The Non-Target Paradox, No Shortcutting, Goal-seeking - Early Observations From Coaching

Continuing last week’s discussion, I share with you the remaining observations that you should know in order to succeed in your public equity job search.

The Non-Target Paradox

There was only one certainty going into my entrepreneurial endeavor – big portion of clients will be from non-target schools. Why I knew that? Because finance is a giant class struggle (the other class struggle being taking an airplane.)

I had a below 3.0 GPA in college. I did not get an internship until after graduation. I couldn’t land a full-time job for six months and then wandered around the middle office for five years. I did not study accounting or finance. I did not do investment banking or private equity. My point: I am a failed target school graduate, which makes me non-target equivalent. If I can make into the buy-side, so can you.

For public equity jobs, two things matter equally: product (technical skills) and sales channel (does your school help you gain visibility). The term “non-target” exists in the first place because your dream firms don’t target your school for recruiting. You know you need to hustle. The good thing about our profession: If you have good product, people want to talk to you.

Embrace Your Non-target Narrative

My underdog mindset has served me very well – being on time (because every chance I get could be my last), working extra hard to put out best products and networking relentlessly led to many interviews, job offers and lasting mentorships.

Public equity investing is competitive. Information is widely available. Why should you be right? There are pattern recognitions in forming variant views but there are no formulas. You need to put in the work. Always go the extra mile in your research because it can mean the difference between getting a job offer and not, and more importantly, making money or losing money.

Target school candidates understand work ethics and mental toughness are necessary components to success, by observing their peers and alums who have achieved great things. As a result, elite employers perceive target schools to be safer destinations for talent sourcing. To my non-target audience, you can take control of your destiny via products and create your own sales channel. 

System Knowledge

Because target school has higher absolute number of alums working in public equity, the candidates there know the recruiting process, what firms are like, and who is who in the business. They have a massive system knowledge advantage in a secretive profession where jobs are unposted and filled through referrals. To my non-target audience, understand the system. And you are in good hands because I am the industry expert here. 

There is no shortcut

Many of you asked me to send industry primers. Yes, they save time, a not-so-well-kept secret you probably heard from your investor friends. But only the experienced can get the most value out of sell-side research. What you don’t see is the decades of voracious reading that got them to where they are.   

Don’t get ahead of yourself. Develop a thorough, first-principle understanding of matters at hand. As newcomer investor, you should know as much as you can. Read the public filings, analyst day and earnings call transcripts. Only then leverage external opinions such as sell-side research reports, expert network transcripts or talk to industry experts.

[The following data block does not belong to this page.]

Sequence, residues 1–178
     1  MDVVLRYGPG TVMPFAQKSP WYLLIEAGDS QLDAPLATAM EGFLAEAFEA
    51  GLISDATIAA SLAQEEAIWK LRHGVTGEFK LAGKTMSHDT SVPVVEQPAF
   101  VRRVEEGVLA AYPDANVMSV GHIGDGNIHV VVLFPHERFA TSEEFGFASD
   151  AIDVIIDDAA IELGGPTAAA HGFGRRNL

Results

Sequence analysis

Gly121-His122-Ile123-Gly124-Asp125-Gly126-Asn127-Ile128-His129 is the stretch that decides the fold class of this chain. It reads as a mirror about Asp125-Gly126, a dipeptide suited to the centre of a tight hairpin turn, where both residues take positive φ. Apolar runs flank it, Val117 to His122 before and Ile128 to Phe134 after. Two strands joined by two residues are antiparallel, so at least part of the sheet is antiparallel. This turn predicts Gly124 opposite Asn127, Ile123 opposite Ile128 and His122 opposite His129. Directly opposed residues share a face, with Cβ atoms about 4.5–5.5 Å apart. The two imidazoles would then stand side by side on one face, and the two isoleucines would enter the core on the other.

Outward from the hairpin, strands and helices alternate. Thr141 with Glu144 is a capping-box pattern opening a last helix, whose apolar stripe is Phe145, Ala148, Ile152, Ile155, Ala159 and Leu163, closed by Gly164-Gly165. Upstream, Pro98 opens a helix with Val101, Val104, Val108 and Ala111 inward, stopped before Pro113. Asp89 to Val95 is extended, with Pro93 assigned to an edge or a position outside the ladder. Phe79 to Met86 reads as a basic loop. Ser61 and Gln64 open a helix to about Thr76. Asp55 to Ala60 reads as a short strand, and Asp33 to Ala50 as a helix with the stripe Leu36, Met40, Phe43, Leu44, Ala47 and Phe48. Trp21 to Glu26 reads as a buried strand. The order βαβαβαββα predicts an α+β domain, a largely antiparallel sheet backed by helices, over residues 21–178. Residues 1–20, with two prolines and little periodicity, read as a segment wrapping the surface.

Similarly, sell-side models are overly complicated and can contain mistakes. It’s hard to nail down what drives the business. Build a model from scratch because every business has its own nuances and you can develop a deeper understanding that way.

When you have looked at enough businesses, you can stress test a sell-side model to understand the range of outcomes for a business to save time. Because you are my potential clients, you are not at that skill level yet.

Goal seeking – Solve it backwards

A lot of you DM me “Do I have a shot at investment management?”

First of all, I believe everyone can become a great public equity investor. What’s the catch? Well, are you willing to work for it? That’s where the equation breaks down because “everyone wants to go to heaven but nobody wants to die.”

I can generally tell who will succeed in life. It’s very simple: If I can access your Instagram stories, and you are going out from Thursday to Sunday, you don't ever need to wonder why you don’t get into your dream profession or why you are lagging your peers at work. Oh yeah, the secret to success is really that simple but not easy – hard work.

Two, what’s your time frame? Warren Buffett did not become Warren Buffett overnight, though he succeeded earlier than most. How so early? Oh, voracious reading – he read over 200 books BEFORE he started college at UPenn that he got so bored during college. Tying back to my point in the last articleDon’t procrastinate, start now.

The key takeaway here: If you want a certain career path, understand the skill requirements - For public equity: Do you know

  1. How to model and value a business?
  2. How to do fundamental analysis on an industry or a business?
  3. How to effectively pitch a stock?
  4. How to network?

All these skills are learnable, I can save you time and effort when you need me!

If you are interested in learning more about professional equity investing (the "buy-side"), I have two other great articles for you:

If you want to save time and effort on your research job search: 

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